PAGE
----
Arnie Castro, director of culinary operations for Black Bear Diner, doesn’t shy away from using cooked meat the next day. “If we have extra cooked bacon and turkey for the day, we use it for a bacon ranch dressing for our meat lovers omelet,” he says. “Extra turkey used for our hot turkey plate can be sliced and served cold for sandwiches the next day.”
Beverage Station Extras
Once reserved for the compost bin or onsite garden, used coffee grounds can be incorporated in a variety of dishes. Chef Roger Waysok at South Water Kitchen at the Kimpton Hotel Monaco in Chicago recycles extra grinds into a rub with chili powder, salt, pepper, oregano, onion powder, sugar, and garlic powder. He uses the rub to season a 10-ounce baseball sirloin sourced from local Slagel Family Farm, then grills and serves the steak with crushed red potatoes mixed with butter and sour cream and braised rainbow chard.
After a busy breakfast or brunch service, Chef Waysok reaches for the leftover pulp from the fresh juices. For his Recycled Citrus Marmalade, he mixes the pulp from juiced golden beets and carrots with oranges, fresh turmeric, apples, sugar, and orange juice and reduces the mixture until thickened. The marmalade pairs with a variety of house-cured meats, pickles, grainy mustard, and whole-wheat baguette slices for a charcuterie board.
Taking the leftover pulp from juiced kale, Waysok has made a jam for his seasonal cheese plate. He cooks down the pulp with more kale leaves and cucumber, spinach, lemon, parsley, pears, apples, honeydew, ginger, apple cider vinegar, orange juice, and sugar.
Nuts for Shells
First it was whole animal, now it’s the whole nut. Chef Nicholas Ciccone at the Metropolitan Museum of Art in New York City creates an infusion by soaking shells in bourbon for a sweeter, nuttier Manhattan cocktail. Chef Adam Moore, who recently joined Bluedog Design, has also used shells with beverages. For cold-brewed smoked walnut soda, he steeps the smoked shells and black tea powder in crushed ice, and then discards the tea and walnut shells before mixing the “tea” with a ginger-spiked simple syrup and soda. He’s also used the shells to add flavor while smoking meats and vegetables in traditional barbecue style.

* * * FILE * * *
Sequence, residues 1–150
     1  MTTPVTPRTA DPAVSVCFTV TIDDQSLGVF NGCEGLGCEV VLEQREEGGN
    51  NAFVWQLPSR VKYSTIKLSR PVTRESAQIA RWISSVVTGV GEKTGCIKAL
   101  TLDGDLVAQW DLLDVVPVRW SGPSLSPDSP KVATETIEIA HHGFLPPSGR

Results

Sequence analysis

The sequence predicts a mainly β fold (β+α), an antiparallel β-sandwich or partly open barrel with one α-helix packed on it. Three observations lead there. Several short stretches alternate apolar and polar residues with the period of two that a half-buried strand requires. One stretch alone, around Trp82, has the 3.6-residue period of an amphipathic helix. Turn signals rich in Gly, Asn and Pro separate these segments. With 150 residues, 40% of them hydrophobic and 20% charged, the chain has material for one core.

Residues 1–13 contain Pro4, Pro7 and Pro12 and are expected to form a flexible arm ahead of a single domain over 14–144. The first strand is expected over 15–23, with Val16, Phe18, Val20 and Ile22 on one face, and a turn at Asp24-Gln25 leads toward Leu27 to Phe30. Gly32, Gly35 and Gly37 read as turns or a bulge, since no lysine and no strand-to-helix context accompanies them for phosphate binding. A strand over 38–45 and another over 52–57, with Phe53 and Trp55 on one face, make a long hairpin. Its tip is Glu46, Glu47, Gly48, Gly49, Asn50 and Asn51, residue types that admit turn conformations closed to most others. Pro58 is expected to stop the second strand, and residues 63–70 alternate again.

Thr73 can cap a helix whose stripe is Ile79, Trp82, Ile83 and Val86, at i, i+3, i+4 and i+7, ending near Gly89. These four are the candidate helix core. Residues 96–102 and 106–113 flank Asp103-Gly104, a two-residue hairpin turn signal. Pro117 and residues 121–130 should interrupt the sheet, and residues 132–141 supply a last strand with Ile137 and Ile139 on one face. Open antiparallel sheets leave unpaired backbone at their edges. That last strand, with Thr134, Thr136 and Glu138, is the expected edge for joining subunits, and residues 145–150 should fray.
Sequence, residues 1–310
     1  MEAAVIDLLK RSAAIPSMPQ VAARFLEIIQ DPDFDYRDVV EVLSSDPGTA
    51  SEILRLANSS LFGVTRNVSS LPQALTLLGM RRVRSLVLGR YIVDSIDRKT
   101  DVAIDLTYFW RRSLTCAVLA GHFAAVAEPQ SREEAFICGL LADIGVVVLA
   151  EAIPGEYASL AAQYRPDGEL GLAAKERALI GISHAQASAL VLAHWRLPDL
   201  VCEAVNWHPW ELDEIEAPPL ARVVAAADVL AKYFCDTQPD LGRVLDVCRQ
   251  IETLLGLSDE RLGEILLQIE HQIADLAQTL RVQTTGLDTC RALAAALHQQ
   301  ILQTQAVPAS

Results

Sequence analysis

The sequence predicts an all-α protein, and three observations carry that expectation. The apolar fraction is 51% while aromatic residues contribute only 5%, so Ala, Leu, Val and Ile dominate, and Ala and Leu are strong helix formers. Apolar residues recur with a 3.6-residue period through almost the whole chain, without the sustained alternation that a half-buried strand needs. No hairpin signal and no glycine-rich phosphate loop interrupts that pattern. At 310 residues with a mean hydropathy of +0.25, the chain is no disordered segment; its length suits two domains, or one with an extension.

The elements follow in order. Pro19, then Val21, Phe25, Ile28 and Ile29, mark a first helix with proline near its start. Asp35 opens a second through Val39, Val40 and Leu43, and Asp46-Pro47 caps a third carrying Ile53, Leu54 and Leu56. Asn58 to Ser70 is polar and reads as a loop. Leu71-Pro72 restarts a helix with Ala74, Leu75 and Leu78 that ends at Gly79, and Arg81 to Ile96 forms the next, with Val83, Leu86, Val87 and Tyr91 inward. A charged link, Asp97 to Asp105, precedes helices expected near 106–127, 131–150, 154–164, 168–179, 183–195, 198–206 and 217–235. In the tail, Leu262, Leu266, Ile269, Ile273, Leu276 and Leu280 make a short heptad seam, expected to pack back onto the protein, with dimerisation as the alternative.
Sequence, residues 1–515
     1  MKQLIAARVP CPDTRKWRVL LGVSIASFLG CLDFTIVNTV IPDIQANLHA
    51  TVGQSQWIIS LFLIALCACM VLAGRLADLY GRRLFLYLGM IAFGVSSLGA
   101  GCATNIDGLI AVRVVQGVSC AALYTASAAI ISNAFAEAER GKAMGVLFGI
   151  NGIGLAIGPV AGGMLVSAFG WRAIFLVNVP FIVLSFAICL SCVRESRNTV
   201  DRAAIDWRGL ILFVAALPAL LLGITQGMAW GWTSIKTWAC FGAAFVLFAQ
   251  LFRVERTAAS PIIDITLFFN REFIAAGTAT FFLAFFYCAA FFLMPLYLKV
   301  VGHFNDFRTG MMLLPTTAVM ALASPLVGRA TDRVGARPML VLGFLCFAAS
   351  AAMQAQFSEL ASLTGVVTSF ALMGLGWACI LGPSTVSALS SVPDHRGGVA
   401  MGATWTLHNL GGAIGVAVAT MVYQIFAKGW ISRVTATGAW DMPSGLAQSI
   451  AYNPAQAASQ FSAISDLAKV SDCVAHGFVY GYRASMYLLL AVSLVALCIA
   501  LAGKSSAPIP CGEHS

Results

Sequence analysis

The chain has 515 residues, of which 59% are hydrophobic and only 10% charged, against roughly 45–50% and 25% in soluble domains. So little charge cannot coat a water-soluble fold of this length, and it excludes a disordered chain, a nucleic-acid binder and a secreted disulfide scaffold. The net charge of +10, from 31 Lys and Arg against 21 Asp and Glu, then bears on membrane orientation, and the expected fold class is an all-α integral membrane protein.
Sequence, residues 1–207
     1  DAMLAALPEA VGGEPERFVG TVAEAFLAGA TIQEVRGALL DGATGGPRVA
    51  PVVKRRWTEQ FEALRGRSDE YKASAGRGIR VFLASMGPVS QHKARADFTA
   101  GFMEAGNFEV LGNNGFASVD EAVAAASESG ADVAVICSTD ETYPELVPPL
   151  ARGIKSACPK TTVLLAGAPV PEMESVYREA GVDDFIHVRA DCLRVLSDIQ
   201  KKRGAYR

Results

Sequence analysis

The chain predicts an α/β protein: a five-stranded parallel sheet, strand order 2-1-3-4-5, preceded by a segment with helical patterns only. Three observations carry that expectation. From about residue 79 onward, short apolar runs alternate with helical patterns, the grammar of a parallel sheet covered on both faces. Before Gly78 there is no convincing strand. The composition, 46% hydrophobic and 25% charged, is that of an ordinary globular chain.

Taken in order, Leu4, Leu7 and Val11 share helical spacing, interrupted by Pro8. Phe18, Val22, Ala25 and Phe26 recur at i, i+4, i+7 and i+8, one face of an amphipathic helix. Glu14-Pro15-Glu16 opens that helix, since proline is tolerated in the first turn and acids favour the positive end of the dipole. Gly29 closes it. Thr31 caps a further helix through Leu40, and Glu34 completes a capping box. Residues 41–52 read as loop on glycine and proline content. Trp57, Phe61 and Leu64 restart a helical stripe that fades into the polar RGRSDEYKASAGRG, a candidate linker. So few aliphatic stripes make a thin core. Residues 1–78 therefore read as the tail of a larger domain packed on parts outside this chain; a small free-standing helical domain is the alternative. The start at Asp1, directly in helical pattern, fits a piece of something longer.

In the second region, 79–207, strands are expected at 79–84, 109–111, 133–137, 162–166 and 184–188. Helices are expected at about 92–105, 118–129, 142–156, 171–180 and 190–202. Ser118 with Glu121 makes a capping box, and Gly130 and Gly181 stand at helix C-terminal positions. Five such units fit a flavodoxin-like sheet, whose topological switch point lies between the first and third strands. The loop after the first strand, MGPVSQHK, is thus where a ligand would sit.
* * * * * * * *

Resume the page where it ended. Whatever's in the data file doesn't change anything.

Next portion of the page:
Paring Down Waste with Prepared Proteins
While many chefs have taken a nose-to-tail approach to maximize the use of the whole animal, others—particularly those in multi-unit operations and casual-dining chains—have experimented with higher quality, pre-prepped proteins. These proteins, which are purchased already in a prepared state, can help chefs “right-size” their food costs and menu items and are ready-to-go as needed.
“Prepared ingredients help make products consistent and customizable so chefs can have a full 100 percent yield,” says Chef Jeremy Lycan, culinary strategy and product training chef at Tyson Foodservice Teams. He helps chefs work with cooked proteins in different formats from battered, breaded, grilled, pulled, and diced meats.
Chef Lycan has used cooked, shredded chicken for pastelitos (Cuban pastries) with chorizo, piquillo pepper aioli, and fresh, chopped scallions. The shredded chicken is also highlighted in a chicken tinga soup with a watermelon-radish-cilantro slaw. And, Lycan has developed a jerk chicken dish using fast-finished, center-cut chicken thighs tossed in a Jamaican jerk sauce and drizzled with cilantro lime yogurt.
“With a large majority of ingredient meats being very neutral in flavor, chefs are able to add seasoning and really get creative, putting their own signature touch on dishes,” Lycan says.
As for best practices with prepared proteins: The main consideration for using prepared ingredient meats is setting aside the time and space to thaw frozen products under refrigeration before use. Other than saving on waste, these ingredients offer a clean slate for layering other foods and flavors.